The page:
The Wisconsin Badgers have been here before. They will return to the field after missing another game due to a coronavirus outbreak. The only differences are Wisconsin wasn’t the team going through the COVID-19 spread in its program, and the Badgers missed just one game this time instead of two.

After seeing its third of six scheduled games canceled against Minnesota last weekend, 16th-ranked Wisconsin will take on No. 12 Indiana at home Saturday (2:30 p.m. CT, ABC).

As it stands right now, Indiana sits at 5-1 and in second place in the B1G East behind 4-0 Ohio State. The Buckeyes are going through their own coronavirus outbreak and if they have one more game canceled in their final two, Indiana would likely represent the division in the conference title game. For Wisconsin, it is 2-1 but ineligible to compete for the B1G championship because it will not reach the minimum requirement of six regular season games.

Both teams are coming in with key losses as Indiana quarterback Michael Penix Jr. will miss the rest of the season with a torn ACL suffered in the Hoosiers’ win over Maryland last week. For the Badgers, cornerback Rachad Wildgoose suffered an injury to his shoulder in Wisconsin’s loss to Northwestern on Nov. 21, and he has since opted out of the season to prepare for the NFL Draft.

Wisconsin offense vs. Indiana defense

This will be the most fascinating matchup to watch. We’ve only seen Wisconsin redshirt freshman quarterback Graham Mertz play in meaningful college football games three times, and we’ve seen a wide range of results. In his first time out against Illinois, he looked fantastic and put himself in the record books for Wisconsin football. He was just okay in the win over Michigan, though he didn’t have to do much, and he played really bad in a loss to Northwestern.

Statistically, Indiana has a better defense than Illinois and Michigan, but it’s not as good as Northwestern according to yards per play allowed. It remains to be seen which weapons Mertz will have to throw to as starting wide receivers Danny Davis and Kendric Pryor missed the game against Northwestern. In addition, the Badgers’ leading pass-catcher, tight end Jake Ferguson, injured his arm in the second half and was clearly not 100% while going in and out of the game.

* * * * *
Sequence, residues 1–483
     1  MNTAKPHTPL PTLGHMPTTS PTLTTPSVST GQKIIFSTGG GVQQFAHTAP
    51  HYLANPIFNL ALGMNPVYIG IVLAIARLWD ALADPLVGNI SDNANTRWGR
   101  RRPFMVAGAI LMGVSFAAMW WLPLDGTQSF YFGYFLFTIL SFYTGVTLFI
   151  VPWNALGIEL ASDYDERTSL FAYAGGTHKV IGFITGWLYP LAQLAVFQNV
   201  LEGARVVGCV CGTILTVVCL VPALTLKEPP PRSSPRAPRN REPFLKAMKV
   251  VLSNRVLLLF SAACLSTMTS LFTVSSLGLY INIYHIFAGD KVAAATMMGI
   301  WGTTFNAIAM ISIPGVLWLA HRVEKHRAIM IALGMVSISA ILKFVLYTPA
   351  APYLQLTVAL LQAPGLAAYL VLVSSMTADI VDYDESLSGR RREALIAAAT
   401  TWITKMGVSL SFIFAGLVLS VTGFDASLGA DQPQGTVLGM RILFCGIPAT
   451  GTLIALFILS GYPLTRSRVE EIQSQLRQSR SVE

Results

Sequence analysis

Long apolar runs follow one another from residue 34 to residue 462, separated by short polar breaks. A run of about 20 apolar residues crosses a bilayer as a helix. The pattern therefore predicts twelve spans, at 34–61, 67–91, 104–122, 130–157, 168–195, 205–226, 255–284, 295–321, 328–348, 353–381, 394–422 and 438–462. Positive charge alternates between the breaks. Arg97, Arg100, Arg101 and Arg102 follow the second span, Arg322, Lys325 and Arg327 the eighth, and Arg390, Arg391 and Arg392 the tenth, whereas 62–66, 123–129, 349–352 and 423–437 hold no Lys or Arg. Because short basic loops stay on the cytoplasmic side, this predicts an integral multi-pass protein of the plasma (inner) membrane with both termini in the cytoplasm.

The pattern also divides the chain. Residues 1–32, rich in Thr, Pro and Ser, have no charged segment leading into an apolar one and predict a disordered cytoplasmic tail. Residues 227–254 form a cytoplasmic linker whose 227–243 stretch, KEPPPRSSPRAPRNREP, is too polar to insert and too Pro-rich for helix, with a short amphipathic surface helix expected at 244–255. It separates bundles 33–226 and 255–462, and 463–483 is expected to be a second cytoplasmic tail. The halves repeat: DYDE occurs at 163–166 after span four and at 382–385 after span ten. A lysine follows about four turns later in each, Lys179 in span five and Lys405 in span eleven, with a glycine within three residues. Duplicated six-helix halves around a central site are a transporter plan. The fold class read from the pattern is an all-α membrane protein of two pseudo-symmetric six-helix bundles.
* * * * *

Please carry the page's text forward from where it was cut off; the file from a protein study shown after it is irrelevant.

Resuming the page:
Wisconsin appears to have found its next great running back with true freshman Jalen Berger. After missing Week 1, Berger led the Badgers backfield with 15 carries in each of the last two games for 180 total yards on 6 yards per carry. Indiana ranks about average defensively in yards per rush and yards per pass allowed.

Wisconsin defense vs. Indiana offense

The Indiana passing game did not perform well in its last game, a 27-11 win over Maryland, as Penix completed 6 of 19 passes for 84 yards before leaving with the injury. Redshirt sophomore Jack Tuttle is the Hoosiers’ backup quarterback, and he completed all 5 of his passes for 31 yards in relief. A transfer from Utah, Tuttle appeared in six games the last two seasons for Indiana and completed 11 of 16 passes for 65 yards. The loss of Penix hurts, but the drop off is not so significant that the Hoosiers will be lost on offense on Saturday. The biggest issue might just be going up against a Wisconsin defense that ranks third in the country in terms of yards per pass attempt allowed, though it’s only played three games. In addition, the loss of Wildgoose isn’t ideal, but the Badgers have solid depth in the secondary to replace him.

Indiana has struggled to move the ball offensively at times this season, especially in its running game, but the Hoosiers rushed for 234 yards and 3 touchdowns against Maryland. With running back Sampson James out, Tim Baldwin Jr. rushed for 106 yards and Stevie Scott III added 80 yards with 3 scores. Even with this performance, the Hoosiers are ranked No. 111 in the country in yards per rushing attempt, at 3.2.

Fearless prediction

The experts say Wisconsin should win this game by around 2 touchdowns, and I think that’s about what we’ll see. Both teams’ biggest strengths are on the defensive side of the ball, so points should be pretty hard to come by on each side. I think the Badgers will get a few of their pass-catchers back this week, and their defense will be dominant as it has been through three games of the season. Mertz will look better than he did against Northwestern and worse than he did against Illinois, but in the end the Badgers come away with a 27-13 victory with a late score to ice it.